Trump Georgia election case judge will issue protective order for evidence after media leak

Judge Scott McAfee presides over a hearing for Harrison Floyd at the Fulton County Courthouse, November 3, 2023 in Atlanta, Georgia.

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A Georgia judge said Wednesday he will issue a protective order barring the public release of sensitive evidence exchanged between prosecutors and lawyers representing former President Donald Trump and his co-defendants in their election interference criminal cases in that state.

“Until we decide what’s going to be relevant and admissible, this case should be tried and not in the court of public opinion,” said Fulton County Superior Court Judge Scott McAfee at a hearing on the proposed order.

The order was sought by prosecutors, and agreed to by most of the defense teams on Wednesday, after the recent leak to a media outlet of videos containing confidential interviews two co-defendants, the attorneys Jenna Ellis and Sidney Powell, gave prosecutors as part of their agreements to plead guilty.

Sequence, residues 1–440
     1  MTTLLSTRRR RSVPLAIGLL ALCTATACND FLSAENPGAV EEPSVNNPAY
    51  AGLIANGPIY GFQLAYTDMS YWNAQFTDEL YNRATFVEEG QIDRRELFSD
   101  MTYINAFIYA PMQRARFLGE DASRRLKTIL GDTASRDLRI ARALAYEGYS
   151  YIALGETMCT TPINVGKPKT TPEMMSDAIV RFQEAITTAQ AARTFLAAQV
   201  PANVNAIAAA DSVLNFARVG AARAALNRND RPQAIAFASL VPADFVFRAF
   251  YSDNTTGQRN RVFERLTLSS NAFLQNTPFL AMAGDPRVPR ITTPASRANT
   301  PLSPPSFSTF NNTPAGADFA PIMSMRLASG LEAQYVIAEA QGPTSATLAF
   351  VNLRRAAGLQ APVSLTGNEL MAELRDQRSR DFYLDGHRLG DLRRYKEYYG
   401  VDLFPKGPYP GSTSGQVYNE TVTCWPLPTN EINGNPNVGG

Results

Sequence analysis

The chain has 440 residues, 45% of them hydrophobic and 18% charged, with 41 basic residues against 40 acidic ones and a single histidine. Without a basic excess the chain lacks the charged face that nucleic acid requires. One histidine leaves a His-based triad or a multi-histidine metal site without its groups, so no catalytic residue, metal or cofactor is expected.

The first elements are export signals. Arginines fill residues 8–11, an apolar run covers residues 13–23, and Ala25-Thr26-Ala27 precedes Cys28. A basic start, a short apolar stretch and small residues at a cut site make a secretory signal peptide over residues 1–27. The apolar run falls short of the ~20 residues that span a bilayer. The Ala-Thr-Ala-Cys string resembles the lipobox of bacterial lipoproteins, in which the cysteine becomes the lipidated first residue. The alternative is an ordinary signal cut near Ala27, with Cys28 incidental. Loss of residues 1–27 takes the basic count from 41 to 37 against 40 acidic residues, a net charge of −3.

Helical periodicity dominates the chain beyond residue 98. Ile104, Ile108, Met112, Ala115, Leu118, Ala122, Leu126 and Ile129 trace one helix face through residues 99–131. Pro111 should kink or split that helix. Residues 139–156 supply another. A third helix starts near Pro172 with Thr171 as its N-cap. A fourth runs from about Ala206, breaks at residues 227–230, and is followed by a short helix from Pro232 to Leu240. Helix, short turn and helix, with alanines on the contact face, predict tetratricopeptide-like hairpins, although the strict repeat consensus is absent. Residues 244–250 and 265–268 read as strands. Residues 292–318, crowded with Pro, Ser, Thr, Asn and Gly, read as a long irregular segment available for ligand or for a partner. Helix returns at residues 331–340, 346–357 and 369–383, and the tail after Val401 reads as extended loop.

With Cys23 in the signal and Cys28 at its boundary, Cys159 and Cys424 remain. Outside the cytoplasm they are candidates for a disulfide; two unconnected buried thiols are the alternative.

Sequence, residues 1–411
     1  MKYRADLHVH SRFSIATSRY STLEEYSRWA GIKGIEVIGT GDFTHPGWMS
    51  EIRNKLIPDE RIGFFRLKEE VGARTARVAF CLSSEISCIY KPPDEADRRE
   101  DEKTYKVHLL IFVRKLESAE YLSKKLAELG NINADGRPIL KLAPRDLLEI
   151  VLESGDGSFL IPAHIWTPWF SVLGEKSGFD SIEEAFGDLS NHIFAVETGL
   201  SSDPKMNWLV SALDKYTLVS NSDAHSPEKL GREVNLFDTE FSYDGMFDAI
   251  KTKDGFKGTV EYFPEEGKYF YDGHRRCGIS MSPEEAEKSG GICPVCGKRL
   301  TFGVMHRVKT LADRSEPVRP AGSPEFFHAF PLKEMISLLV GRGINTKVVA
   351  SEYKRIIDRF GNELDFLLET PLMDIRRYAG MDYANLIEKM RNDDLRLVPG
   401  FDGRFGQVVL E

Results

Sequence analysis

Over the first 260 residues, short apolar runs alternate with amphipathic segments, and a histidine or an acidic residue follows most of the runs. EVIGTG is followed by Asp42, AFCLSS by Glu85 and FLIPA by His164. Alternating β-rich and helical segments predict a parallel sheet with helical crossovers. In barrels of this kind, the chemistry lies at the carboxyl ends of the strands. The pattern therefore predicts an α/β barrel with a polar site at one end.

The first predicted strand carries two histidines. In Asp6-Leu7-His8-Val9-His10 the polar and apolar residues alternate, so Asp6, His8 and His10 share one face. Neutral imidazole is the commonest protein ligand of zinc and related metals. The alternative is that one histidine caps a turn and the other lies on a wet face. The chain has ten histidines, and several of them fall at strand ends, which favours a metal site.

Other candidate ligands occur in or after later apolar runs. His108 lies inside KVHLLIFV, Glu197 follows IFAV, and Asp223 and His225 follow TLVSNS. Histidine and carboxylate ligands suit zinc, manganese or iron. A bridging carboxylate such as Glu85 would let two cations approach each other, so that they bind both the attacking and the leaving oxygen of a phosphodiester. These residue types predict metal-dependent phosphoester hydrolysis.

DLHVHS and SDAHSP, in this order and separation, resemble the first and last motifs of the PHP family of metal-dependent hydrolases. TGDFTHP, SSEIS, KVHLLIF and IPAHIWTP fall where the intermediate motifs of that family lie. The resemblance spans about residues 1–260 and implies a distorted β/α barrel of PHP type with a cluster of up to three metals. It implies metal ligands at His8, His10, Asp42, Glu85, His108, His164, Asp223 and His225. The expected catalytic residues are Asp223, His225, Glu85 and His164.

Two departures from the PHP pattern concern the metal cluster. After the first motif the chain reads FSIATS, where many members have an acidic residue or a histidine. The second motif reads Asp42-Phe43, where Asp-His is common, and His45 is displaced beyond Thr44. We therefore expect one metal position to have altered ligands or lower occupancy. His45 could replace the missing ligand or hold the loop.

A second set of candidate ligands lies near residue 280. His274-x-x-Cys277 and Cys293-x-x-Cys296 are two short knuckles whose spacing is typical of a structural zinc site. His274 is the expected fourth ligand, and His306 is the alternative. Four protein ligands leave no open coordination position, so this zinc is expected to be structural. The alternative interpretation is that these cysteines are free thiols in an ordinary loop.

At Wednesday’s hearing, the attorney Jonathan Miller, who is representing the defendant Misty Hampton, told McAfee that he gave the videos to “one media outlet.”

Miller said the public had the right to know what Ellis and Powell had told the Fulton County District Attorney’s Office, arguing that the statements they made “help my client.”

A prosecutor told McAfee the DA’s office will designate what evidence is considered “sensitive,” and therefore subject to the protective order, “and what’s not.”

Sensitive information would include any so-called proffer videos of the kind recorded of Ellis and Powell and any other defendant who agrees to cooperate with prosecutions, along with confidential business records, personal identifying information, and “additional things that I think just by their very nature makes sense to be confidential,” the prosecutor said.

Tom Clyde, a lawyer for a group of media companies, argued against the protective order, saying it was not justified by Georgia law.

Clyde said that a key issue in the case — the legitimacy of the 2020 election — is “extremely significant in public importance,” and that evidence related to it should not be subject to an order automatically barring its release to the public. sen

Trump and the other defendants after charged with crimes related to their efforts to reverse his electoral loss to President Joe Biden in Georgia.

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